Unveiled a year later and a full half-hour shorter than the original version (“Suriyothai”) that broke box-office records in its native Thailand, Francis Ford Coppola’s significantly modified presentation, “The Legend of Suriyothai,” goes some distance — though not far enough — toward making the opulent epic accessible to international audiences. Film moves along at a faster pace, and the frequently confusing story does eventually pull together; but there’s still a lack of any strong emotional center, and the character gallery remains over-populated. The visual spectacle represents a strong selling point, but Sony Pictures Classics faces a tough task persuading audiences to wade through this dense historical chronicle. Distrib is planning a spring U.S. release.
Originally reviewed in Variety Dec. 17, 2001, the massive undertaking was directed by Thai prince Chatrichalerm Yukol, a longtime friend of Coppola’s, and made with full support of the Thai royal family, reportedly to counter young people’s poor knowledge of the country’s history. Local grosses indicate that Thai audiences had enough basic grounding to make the narrative coherent; despite Coppola’s streamlining, foreign audiences still may be somewhat bewildered.
Coppola and Kim Aubry of American Zoetrope — both of whom take exec producer credits on the retooled cut — coached Yukol through a re-edit designed to straighten the choppy story’s lines, removing a number of distracting peripheral characters.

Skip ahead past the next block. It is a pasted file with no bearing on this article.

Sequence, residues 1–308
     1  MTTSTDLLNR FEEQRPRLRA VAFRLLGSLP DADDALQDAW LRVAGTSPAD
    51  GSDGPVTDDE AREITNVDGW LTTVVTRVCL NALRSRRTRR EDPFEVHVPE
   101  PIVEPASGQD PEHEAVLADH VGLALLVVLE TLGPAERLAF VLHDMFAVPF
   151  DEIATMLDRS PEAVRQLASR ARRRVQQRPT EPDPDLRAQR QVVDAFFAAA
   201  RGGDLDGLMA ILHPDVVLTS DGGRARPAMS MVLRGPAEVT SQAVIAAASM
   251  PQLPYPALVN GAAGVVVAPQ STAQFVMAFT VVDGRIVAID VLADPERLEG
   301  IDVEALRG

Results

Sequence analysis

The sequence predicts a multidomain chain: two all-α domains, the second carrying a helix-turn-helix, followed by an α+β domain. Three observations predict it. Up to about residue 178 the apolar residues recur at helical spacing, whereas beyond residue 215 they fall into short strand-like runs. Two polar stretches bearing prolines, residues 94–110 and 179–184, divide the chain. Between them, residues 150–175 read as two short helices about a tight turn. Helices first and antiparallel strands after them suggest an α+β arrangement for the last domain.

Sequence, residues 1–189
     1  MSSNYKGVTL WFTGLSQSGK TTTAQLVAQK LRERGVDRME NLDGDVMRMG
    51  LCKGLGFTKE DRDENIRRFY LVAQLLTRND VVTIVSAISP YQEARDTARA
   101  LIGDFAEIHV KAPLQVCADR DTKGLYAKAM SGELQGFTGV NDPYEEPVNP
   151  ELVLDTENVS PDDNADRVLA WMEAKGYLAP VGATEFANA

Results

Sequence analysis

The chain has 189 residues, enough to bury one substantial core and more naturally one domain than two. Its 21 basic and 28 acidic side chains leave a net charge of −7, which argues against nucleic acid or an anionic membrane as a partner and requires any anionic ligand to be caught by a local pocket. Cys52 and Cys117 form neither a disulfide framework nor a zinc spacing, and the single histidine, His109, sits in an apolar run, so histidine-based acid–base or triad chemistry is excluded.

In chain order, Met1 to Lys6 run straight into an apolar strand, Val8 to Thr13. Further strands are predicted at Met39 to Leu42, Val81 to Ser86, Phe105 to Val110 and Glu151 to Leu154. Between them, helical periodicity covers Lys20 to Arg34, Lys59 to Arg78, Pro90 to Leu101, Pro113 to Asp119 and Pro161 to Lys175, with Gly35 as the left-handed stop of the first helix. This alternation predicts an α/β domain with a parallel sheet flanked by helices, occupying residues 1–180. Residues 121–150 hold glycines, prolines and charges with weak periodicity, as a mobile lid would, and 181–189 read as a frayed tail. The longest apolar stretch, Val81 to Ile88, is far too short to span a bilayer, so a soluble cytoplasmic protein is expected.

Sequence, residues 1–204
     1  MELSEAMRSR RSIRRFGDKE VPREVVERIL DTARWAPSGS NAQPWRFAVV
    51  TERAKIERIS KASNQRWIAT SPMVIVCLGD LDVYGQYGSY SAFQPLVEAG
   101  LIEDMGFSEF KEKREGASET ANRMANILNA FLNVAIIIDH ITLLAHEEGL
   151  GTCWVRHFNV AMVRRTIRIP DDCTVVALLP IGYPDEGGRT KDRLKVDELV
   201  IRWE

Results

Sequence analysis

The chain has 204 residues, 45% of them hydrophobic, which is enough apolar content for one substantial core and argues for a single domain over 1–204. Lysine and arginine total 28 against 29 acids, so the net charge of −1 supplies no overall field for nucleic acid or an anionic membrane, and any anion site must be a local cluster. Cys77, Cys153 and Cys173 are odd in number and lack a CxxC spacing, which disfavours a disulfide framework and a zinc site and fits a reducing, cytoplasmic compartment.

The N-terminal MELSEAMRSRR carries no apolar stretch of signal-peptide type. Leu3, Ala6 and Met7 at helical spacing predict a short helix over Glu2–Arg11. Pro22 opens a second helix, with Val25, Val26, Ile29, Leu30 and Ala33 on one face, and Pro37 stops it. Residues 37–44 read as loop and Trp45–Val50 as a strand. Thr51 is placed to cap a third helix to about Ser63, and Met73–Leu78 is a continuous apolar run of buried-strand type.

Captions have been added for historical backgrounding, as well as for characters and locations. Coppola also added some minor new footage and rewrote subtitles to simplify things.
Original version opened with a taste of the story’s 1548 climax, in which Queen Suriyothai (M.L. Piyapas Bhirombhhakdi) takes on Burmese invaders in northern Siam. Now, the action plays chronologically from 1528, when the adolescent princess is forced to forsake her true love, Piren (Chatchai Plengpanich), and marry Prince Tien (Sarunyoo Wongkrchang). However, this melancholy romantic angle never stays sufficiently in focus to provide emotional access, getting lost in a tangle of other characters and incidents.
Film’s title is misleading, in that Suriyothai barely registers as its subject for much of the action, particularly in the long central stretch. She later resurfaces to restore the rightful monarchy, going on to meet a warrior’s death, but her absence from much of the action makes her resourcefulness and valor, not to mention physical fighting skill, seem to come almost out of nowhere.
Despite a certain overkill, especially in the later stages, Yukol’s choreographing of the bloody battle scenes and rich displays of spectacle and pageantry is undeniably impressive. Story unfolds in broad strokes, in a simple, soap-operatic style; with even more pruning to identify key events, the movie could have been far more digestible.